At a local level, traditional drug shortage management includes:
- Formation or enhancement of an active multidisciplinary drug shortages committee which may include a pharmacy buyer, inventory manager, compounding manager, pharmacy IT professional, medication safety pharmacist, drug information pharmacist, clinical pharmacists, physician representatives, supply professionals and other experts
- Acute implementation of mitigation strategies such as IV-to-PO conversion or restricting to specific patient populations upon learning of a shortage to decrease the impact
- Development and maintenance of an internal organizational drug shortage list, regardless of the current impact on the organization to improve communication and tracking
- Leveraging regional networks to facilitate improved medication access and collaboration
- Avoidance of gray market purchases and vetting all secondary distributors for questionable practices
Beyond these components, DSS also includes the following to contribute to national solutions:
- Implementation of mitigation strategies even when shortages are not actively impacting the organization
- Continuous review of essential medication prescribing patterns, including low-cost generics, to ensure optimal use regardless of the presence or absence of a supply situation
- Communication mechanisms outside of the organization to convey stewardship actions
- Avoidance of anticipatory purchasing beyond routine or regulatory needs
While most organizations operate under some or all of the tenets of DSS, there is an opportunity to further apply these principles across the broader healthcare system and optimize certain practices that currently unintentionally exacerbate the extent and duration of the supply disruption.
Historically, a heavy focus has been placed on ensuring adequate supply. Activity around demand control consistently occurs at individual organizations through specific mitigation strategies and prudent use guidelines, with less work focused on decreasing regional and national demand; this is the major emphasis of DSS.
When a critical mass of organizations practice DSS principles, a rapid and potentially significant contraction in demand can occur when a shortage is realized. This demand contraction can “flatten the curve” or “lessen the spike” by heading off anticipatory purchases and limiting utilization on a regional or national basis, allowing the marketplace to recover more rapidly. The blue arrow below in the graph demonstrates where DSS implementation could influence demand spike.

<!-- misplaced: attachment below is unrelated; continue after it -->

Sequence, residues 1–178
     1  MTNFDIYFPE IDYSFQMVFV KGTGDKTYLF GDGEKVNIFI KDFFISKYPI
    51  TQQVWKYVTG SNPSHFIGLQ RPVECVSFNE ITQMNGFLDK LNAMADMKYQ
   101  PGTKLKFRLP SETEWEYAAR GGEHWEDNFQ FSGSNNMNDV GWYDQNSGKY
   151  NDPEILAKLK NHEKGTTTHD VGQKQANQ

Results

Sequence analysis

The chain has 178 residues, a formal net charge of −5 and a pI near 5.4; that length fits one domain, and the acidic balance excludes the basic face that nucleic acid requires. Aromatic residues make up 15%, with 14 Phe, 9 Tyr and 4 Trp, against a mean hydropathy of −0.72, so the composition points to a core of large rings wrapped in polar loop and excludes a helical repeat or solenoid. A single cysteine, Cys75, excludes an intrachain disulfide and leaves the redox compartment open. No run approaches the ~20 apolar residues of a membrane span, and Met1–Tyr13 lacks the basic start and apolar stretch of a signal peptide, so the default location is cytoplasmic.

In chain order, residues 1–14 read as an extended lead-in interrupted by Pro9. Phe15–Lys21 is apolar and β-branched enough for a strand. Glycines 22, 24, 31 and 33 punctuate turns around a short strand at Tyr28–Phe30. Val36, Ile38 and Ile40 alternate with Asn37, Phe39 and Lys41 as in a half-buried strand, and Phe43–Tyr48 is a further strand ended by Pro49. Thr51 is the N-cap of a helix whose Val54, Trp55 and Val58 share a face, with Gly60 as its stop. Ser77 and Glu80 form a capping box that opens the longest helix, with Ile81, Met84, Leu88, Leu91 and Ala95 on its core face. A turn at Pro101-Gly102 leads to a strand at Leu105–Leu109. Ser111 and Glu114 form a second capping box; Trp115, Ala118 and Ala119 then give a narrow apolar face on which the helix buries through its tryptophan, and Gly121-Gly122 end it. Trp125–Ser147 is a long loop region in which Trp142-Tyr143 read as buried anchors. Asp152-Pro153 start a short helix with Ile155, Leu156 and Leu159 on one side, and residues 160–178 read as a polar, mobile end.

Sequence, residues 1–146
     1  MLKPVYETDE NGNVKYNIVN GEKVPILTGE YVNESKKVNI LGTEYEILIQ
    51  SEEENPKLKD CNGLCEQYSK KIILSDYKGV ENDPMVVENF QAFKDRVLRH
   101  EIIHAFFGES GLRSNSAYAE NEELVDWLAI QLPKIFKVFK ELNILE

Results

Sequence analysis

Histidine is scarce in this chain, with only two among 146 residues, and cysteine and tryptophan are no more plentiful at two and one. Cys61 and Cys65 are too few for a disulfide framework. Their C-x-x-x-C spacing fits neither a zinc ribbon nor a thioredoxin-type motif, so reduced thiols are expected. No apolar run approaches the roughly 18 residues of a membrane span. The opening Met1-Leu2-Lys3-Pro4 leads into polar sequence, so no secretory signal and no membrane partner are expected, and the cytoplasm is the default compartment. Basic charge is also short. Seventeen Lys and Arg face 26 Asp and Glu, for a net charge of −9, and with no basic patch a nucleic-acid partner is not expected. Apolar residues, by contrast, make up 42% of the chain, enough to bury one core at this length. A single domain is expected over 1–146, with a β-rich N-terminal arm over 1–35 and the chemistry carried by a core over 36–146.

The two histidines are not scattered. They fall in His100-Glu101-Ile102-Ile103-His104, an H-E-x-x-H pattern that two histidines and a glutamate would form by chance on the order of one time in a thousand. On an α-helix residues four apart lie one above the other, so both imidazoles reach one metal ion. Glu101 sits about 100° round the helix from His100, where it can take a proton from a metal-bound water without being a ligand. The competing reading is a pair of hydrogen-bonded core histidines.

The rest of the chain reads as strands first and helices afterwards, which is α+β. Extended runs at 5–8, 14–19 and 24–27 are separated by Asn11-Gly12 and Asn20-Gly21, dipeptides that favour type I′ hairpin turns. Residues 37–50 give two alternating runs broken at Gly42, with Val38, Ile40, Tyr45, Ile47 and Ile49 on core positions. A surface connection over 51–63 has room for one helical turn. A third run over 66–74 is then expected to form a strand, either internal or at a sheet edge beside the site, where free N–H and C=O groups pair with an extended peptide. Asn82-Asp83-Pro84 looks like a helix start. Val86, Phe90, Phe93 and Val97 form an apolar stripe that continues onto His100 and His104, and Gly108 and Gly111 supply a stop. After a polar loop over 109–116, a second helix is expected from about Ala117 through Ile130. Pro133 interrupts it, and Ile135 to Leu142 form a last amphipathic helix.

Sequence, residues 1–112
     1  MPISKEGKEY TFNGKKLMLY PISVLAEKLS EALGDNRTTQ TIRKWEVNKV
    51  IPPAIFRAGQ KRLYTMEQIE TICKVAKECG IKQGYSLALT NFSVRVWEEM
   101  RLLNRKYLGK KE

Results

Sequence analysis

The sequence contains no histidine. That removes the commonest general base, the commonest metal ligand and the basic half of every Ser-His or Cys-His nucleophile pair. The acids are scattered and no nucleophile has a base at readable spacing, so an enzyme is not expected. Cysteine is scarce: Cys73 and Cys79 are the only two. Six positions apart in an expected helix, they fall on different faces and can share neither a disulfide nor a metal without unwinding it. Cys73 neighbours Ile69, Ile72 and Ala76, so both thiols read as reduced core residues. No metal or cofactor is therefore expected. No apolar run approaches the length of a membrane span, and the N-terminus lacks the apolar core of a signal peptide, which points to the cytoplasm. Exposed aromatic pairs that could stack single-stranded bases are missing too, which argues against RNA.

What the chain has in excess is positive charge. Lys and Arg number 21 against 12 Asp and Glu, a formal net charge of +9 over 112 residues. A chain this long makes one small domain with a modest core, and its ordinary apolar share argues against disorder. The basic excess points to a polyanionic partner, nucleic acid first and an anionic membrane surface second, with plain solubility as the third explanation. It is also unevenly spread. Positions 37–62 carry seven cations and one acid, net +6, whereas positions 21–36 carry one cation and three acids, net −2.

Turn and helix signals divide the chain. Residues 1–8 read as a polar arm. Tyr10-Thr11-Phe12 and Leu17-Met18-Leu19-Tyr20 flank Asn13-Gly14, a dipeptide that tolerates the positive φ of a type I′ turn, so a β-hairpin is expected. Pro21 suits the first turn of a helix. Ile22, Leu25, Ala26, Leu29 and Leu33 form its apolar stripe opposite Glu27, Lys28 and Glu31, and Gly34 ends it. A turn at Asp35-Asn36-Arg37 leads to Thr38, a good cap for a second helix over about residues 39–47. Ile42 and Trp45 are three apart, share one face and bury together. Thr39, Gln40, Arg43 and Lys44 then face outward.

Figure 1. Example of a drug shortage leading to extraordinary increase in demand nationally
DSS will continue to be developed and refined. We introduce it here to facilitate a conversation around DSS concepts and to propose a demand-side national approach as another tool when faced with the ever-present challenge of drug shortages.
Readers are encouraged to share their thoughts, feedback and development suggestions via email at: email@example.com.
About the authors
Gretchen Brummel, PharmD, BCPS is a pharmacy executive director at Vizient and provides support to the Center for Pharmacy Practice Excellence team bringing more than 25 years of experience in health care. Gretchen’s areas of expertise include clinical pharmacy services, pediatric pharmacotherapy, medication quality and safety, disaster preparedness and response, medication cost avoidance strategies, drug shortage and formulary management, medication use policy, rural pharmacy practice, clinical research and pharmacy informatics with a focus on pediatrics.
Kyle Hoelting, PharmD, BCPS is a Senior Clinical Manager, Drug Information for Vizient Pharmacy Solutions. In this role he helps to develop evidence-based medicine deliverables, clinical newsletters, and drug shortage mitigation strategies for the pharmacy membership. Kyle earned his Doctor of Pharmacy degree from the University of Nebraska Medical Center. In addition, he completed both PGY1 Pharmacy Practice and PGY2 Drug Information pharmacy residencies at the University of Kansas Health System. Prior to joining Vizient he was the Clinical Pharmacy Specialist, Drug Information and Drug Policy at Virginia Commonwealth University Health. In his previous role, he was responsible for formulary management, drug policy development, evaluation and management of drug shortages, precepting of pharmacy students and residents, as well as facilitating the drug information call center.